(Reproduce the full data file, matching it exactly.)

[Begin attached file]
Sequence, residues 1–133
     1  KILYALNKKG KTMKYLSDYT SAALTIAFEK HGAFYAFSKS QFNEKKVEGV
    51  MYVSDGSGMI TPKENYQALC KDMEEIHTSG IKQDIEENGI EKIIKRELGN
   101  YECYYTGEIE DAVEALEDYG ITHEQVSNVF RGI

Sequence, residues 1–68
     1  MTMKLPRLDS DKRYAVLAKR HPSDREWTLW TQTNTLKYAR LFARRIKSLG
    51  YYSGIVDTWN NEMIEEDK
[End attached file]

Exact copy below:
Sequence, residues 1–133
     1  KILYALNKKG KTMKYLSDYT SAALTIAFEK HGAFYAFSKS QFNEKKVEGV
    51  MYVSDGSGMI TPKENYQALC KDMEEIHTSG IKQDIEENGI EKIIKRELGN
   101  YECYYTGEIE DAVEALEDYG ITHEQVSNVF RGI

Sequence, residues 1–68
     1  MTMKLPRLDS DKRYAVLAKR HPSDREWTLW TQTNTLKYAR LFARRIKSLG
    51  YYSGIVDTWN NEMIEEDK